Australia – Monitoring Reef Resilience

Using Resilience Assessments to Inform the Design of Marine Protected Areas in Australia

Keppel Bay Reefs and Islands, Southern Great Barrier Reef, Australia

A bleached landscape from the severe bleaching event in the Keppel Bay in early 2006. © Great Barrier Reef Marine Park Authority

A bleached landscape from the severe bleaching event in the Keppel Bay in early 2006. © Great Barrier Reef Marine Park Authority

The Challenge
The Keppel Islands are a group of 16 continental islands lying 18 km off the coastal town of Yeppoon, in the southern Great Barrier Reef. Located in the shallow basin to the north of Keppel Bay, the islands are host to a patchwork of fringing reefs in various forms of development. Coral communities are abundant in some locations, with coral cover as high as 70%. Additionally, some of these reefs are dominated by extensive stands of branching Acropora that extend into shallow water.

Reefs within the Keppel Bay area have been affected by a devastating series of climate-related events over the last 25 years. Particularly severe flooding events occurred in 1991 and again in 2010. Both of these events devastated shallow reefs in the area. The mass bleaching events of 1998 and 2002 also impacted local reefs, and in the summer of 2006, most sites experienced at least 30% bleaching-induced mortality of corals due to a highly localized and severe warming event. Furthermore, during the latter half of 2006 an extremely low tide coincided with a heavy rainfall event killing many of the reef-flat corals throughout the reefs of the Keppel Bay. During summer 2009-2010, flooding led to a localized coral bleaching event. The flooding that began in 2010 extended through to May 2011 as a result of the record rainfall in the watershed. This most recent flooding caused 40-100% mortality of corals on the mostly fringing reefs, due to prolonged exposure to the freshwater flood plumes.

Many of the reefs within the Keppel Bay area are characterized by mono-specific stands of branching Acropora. The photo highlights that many of the corals at these sites compete for light and space with the macroalgae Lobophora variegata. Photo © Great Barrier Reef Marine Park Authority

Many of the reefs within the Keppel Bay area are characterized by mono-specific stands of branching Acropora. The photo highlights that many of the corals at these sites compete for light and space with the macroalgae Lobophora variegata. © Great Barrier Reef Marine Park Authority

Increasing development and the impact of climate change threaten the ability of the reefs to recover from these disturbances. The broad objective and vision of the Great Barrier Reef Marine Park Authority (GBRMPA) is to provide for the protection, wise use, understanding and enjoyment of the Great Barrier Reef in perpetuity, through the care and development of the Great Barrier Reef Marine Park. This will involve implementing both routine and reactive strategies to mitigate stressors that interact with those of climate change, in an effort to build resilience of the reef to future threats.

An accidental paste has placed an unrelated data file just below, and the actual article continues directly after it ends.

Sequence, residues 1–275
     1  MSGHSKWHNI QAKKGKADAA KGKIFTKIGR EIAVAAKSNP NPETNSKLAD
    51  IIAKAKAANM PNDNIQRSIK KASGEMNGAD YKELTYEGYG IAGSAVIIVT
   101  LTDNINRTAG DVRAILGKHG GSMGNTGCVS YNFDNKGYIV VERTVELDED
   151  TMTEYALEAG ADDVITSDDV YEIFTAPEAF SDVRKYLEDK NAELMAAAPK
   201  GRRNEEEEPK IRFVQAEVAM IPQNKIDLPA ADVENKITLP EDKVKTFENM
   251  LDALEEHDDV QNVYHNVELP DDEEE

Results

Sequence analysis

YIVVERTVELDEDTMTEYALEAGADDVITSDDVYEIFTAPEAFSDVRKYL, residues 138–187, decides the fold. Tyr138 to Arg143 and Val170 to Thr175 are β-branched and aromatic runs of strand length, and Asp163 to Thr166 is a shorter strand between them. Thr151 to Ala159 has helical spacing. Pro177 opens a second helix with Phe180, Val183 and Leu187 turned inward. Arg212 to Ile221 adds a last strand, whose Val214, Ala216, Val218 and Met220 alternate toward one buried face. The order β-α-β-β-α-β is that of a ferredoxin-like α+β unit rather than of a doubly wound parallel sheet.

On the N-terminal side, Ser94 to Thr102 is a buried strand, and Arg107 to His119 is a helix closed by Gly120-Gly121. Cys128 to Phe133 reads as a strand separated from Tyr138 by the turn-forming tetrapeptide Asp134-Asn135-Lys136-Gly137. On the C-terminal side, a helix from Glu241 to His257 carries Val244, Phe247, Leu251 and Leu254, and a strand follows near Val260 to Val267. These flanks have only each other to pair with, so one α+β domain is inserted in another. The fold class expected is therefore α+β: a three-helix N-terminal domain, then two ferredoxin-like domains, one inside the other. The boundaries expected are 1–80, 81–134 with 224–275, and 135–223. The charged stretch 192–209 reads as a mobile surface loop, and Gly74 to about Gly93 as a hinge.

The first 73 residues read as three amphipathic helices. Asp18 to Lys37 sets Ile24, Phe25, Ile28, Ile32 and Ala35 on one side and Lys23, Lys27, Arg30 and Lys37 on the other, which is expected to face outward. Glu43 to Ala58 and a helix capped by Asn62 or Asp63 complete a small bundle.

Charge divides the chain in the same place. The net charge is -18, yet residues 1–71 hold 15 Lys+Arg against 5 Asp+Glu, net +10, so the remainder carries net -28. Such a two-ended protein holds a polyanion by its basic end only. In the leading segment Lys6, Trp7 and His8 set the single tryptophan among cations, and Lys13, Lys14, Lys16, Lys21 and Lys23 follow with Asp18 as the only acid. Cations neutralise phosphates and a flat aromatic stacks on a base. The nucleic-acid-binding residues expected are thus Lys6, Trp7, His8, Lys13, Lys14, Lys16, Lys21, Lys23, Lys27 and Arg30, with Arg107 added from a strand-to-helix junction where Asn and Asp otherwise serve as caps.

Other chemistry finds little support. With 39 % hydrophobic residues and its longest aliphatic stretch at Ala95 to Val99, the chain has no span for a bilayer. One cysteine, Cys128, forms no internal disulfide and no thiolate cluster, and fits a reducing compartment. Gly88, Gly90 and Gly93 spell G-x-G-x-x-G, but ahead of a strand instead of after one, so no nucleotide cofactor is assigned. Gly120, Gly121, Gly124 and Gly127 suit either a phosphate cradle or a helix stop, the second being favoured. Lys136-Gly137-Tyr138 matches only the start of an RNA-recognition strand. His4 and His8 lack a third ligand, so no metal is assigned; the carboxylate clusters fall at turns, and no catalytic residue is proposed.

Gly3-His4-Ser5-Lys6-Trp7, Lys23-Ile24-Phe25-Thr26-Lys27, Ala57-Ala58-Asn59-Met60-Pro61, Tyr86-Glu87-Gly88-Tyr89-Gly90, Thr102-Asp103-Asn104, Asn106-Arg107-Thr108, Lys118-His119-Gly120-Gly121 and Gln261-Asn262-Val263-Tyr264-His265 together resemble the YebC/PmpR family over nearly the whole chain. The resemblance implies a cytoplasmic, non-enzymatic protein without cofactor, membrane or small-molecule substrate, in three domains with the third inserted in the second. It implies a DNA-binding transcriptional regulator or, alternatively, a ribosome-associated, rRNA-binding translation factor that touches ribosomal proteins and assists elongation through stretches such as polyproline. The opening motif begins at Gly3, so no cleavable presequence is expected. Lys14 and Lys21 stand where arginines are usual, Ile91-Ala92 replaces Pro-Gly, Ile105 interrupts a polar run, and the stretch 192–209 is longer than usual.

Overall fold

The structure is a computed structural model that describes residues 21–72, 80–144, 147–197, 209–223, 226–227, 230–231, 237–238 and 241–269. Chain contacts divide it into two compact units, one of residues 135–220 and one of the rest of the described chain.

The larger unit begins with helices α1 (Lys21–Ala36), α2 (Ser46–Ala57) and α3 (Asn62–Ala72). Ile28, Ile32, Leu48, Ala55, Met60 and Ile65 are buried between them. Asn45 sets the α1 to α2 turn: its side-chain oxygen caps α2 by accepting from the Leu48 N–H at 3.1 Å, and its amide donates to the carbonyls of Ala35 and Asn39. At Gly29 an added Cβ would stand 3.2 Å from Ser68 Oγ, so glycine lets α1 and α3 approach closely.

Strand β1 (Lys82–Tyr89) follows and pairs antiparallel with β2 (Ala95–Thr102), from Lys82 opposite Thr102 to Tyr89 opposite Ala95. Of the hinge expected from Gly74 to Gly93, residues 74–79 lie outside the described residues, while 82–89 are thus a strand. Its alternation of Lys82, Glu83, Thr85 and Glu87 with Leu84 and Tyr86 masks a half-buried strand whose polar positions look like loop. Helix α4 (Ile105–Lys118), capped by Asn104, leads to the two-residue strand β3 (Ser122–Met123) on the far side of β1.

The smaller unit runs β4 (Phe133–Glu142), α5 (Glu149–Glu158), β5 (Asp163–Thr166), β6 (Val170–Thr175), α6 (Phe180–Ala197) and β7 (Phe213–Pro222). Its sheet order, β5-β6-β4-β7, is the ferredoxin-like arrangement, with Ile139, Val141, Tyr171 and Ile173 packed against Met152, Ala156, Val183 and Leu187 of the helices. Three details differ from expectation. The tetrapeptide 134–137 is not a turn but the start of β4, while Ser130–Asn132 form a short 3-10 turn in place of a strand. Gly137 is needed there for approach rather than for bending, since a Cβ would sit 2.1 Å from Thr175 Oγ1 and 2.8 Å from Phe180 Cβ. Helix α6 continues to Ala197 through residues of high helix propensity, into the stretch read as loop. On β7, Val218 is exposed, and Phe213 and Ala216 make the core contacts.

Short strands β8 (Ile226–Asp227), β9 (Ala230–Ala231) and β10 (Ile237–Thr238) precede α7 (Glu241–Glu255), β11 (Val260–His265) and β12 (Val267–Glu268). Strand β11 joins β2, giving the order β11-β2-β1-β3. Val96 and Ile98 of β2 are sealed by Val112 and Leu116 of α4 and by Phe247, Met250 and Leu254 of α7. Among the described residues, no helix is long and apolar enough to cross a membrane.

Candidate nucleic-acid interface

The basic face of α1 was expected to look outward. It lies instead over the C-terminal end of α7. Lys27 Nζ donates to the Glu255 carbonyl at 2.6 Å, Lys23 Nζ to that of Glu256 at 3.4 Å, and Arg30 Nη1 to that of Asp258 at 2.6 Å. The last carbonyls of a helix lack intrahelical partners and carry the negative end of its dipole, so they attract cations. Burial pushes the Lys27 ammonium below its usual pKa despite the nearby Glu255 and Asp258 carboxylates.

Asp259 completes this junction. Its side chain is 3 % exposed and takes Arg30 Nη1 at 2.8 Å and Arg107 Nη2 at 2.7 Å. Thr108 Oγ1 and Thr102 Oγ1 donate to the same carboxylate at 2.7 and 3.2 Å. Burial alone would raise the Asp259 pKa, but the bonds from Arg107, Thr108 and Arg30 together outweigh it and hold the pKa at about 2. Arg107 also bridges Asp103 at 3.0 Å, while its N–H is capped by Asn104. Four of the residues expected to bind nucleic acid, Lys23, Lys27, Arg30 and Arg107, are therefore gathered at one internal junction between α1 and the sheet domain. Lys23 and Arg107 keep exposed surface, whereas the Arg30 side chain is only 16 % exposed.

The Keppel Islands and surrounding waters are popular with a range of users. Historically, tourism has mainly focused around Great Keppel Island, and camping is available on seven other islands. The Great Barrier Reef Marine Authority and the Queensland Parks and Wildlife Service (QPWS) jointly manage the area. Many of the islands are also National Parks, and together with the Marine Park form part of the Great Barrier Reef World Heritage Area. Although there is increasing residential development along the mainland coast, there is also increasing participation in community groups, including the Capricorn Coast Local Marine Advisory Committee (LMAC), that have interests in the management of local environmental issues.

Actions Taken
Resilience is a central goal in the management of the Great Barrier Reef Marine Park, and specific resilience-building activities have been part of the management response from the earliest stages of planning and consultation. The Climate Change Group at the GBRMPA developed a resilience assessment and monitoring protocol in late 2007 that was applied to 31 sites within the Keppel Bay region. The initial focus was to test and refine a method for assessing the resilience of reef sites, as a basis for implementing spatial management tools (such as no-anchoring zones). The preliminary resilience assessment involved an identification of reef sites important to local users and assessed them against a suite of broad-scale and local-scale putative resilience indicators derived from preliminary resilience measuring protocols developed by The Nature Conservancy, IUCN Working Group on Climate Change and Coral Reefs, and the GBRMPA. The results of the resilience assessment were integrated into a numerical score that was used to rank sites on the basis of likely resilience to climate change.

Based on the outcomes of the resilience assessment, a ‘Resilience assessment and capacity building’ workshop involving the GBRMPA, QPWS, Traditional Owners, the LMAC, and local stakeholders was held in 2008. This workshop identified candidate sites for the installation of voluntary no-anchoring zones as a mechanism to restrict anchor damage (and hence increase resilience) due to the increase in recreational use of the Keppel Bay region. In late 2008, 16 no-anchoring buoys were installed by QPWS staff at four sites in the Keppel Bay region.